In PSO, the size of the particle cloud np (number of particles) is considered as a user parameter. In the cloud, each particle i has stored the following three real vectors of D dimensions: the current position vector x i , the vector of the best position reached p i , and the flight speed vector v i . In addition, the cloud or swarm stores the best global position vector g b e s t .
The movement of the particles is defined as a change in their position, when adjusting a velocity vector, component by component. To do this, the particles use individual memory and collective memory. The j-th component of the velocity vector of the i-th particle is updated as:
v i , j w v i , j + c 1 r a n d ( 0 , 1 ) ( p i j x i , j ) + c 2 r a n d ( 0 , 1 ) * ( g b e s t , j x i , j )
where w is the inertia weight, c 1 is the individual memory coefficient, and c 2 is the global memory coefficient. The function r a n d ( 0 , 1 ) represents the generation of a random number in the [0, 1] interval. If the velocity components exceed the established limits, they are bounded, such that it complied that V m i n v i , j V m a x .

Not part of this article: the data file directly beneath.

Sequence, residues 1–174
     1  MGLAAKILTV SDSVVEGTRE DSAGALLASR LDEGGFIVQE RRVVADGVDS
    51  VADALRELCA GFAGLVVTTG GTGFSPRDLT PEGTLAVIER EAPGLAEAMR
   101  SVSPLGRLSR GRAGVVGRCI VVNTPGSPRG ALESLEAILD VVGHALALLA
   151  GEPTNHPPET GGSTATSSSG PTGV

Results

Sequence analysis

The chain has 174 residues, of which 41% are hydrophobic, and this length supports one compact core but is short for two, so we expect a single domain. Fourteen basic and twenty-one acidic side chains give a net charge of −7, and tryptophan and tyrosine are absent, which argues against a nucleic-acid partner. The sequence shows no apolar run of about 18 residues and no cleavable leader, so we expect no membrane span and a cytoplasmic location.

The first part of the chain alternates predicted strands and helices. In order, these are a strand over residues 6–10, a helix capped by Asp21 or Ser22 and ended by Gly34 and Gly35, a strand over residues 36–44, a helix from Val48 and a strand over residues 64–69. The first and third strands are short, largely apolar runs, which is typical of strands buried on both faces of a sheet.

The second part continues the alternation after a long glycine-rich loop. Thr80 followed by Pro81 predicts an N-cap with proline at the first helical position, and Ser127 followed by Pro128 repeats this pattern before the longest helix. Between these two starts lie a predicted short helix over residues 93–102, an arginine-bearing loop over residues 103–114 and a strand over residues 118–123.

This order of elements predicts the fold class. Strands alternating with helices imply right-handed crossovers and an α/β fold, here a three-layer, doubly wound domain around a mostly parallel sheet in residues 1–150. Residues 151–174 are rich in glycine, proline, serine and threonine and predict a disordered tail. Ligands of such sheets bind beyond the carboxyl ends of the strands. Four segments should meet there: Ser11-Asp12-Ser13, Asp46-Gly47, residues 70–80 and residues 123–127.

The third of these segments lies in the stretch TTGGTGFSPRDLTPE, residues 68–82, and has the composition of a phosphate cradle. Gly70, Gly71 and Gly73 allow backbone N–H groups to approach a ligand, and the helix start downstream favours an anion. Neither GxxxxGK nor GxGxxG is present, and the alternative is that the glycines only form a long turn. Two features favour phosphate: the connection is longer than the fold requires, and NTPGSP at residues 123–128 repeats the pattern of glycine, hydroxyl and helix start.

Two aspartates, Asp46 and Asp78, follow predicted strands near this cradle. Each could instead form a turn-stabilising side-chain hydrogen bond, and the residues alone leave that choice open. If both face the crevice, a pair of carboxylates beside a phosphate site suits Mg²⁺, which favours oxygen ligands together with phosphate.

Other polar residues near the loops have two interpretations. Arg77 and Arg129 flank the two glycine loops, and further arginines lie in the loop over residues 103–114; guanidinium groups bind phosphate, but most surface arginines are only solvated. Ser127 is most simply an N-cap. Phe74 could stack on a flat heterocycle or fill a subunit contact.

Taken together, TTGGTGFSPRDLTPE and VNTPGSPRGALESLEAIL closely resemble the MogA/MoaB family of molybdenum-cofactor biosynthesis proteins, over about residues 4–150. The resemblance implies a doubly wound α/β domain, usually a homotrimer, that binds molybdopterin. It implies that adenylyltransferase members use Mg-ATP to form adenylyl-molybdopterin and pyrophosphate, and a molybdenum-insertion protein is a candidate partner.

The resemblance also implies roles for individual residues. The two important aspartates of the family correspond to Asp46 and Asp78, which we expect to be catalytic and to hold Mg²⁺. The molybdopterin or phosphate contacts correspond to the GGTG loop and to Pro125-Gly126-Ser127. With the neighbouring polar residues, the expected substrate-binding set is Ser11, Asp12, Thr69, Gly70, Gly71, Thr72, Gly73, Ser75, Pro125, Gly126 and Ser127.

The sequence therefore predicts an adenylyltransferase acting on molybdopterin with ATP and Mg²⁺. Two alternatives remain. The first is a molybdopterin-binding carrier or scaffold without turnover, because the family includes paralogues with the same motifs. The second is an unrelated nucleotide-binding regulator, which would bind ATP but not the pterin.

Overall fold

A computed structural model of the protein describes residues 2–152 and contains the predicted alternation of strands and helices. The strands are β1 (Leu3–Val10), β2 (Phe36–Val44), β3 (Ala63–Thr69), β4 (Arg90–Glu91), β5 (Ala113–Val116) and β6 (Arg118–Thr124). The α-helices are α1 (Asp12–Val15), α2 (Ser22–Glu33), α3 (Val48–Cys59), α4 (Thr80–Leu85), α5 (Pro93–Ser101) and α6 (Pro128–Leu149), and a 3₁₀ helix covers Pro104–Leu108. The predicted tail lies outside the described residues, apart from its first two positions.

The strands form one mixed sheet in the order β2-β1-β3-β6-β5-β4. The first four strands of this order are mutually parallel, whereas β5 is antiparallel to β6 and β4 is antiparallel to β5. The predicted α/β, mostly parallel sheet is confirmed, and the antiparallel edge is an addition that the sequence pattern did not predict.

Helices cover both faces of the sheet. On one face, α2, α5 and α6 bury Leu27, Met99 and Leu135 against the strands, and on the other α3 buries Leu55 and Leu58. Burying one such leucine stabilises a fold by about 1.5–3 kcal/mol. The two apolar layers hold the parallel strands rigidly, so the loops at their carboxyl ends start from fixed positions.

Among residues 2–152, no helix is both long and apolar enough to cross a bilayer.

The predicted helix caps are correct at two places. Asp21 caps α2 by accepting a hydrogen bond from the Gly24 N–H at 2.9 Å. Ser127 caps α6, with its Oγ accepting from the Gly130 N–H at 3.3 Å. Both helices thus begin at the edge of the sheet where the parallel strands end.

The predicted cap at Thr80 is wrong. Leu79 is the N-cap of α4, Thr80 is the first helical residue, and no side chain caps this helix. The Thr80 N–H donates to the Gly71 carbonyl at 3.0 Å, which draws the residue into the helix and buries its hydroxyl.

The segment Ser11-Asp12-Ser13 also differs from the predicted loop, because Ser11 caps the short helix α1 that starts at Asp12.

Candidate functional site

Subsequently, the j-th component of the current position vector of the i-th particle is adjusted as:
x i , j x i , j + v i , j
This adjusting process on the positions for the particles is repeated until a stop condition is achieved, which is usually settled as a number of algorithm iterations.
The pseudocode of the PSO algorithm described by Shi and Eberhart [55] is shown in Figure 1. It assumes that it is intended to minimize an objective function.
In terms of complexity and time execution, PSO has two external loops that are generation loops and a loop through the entire population. In each loop, the optimization function is computed for each member of the population (particle). Considering k as the cost of computing the optimization function, it can be said that the time of execution of PSO is bounded by O ( i t n p k ) .

3.2. PSO-SRE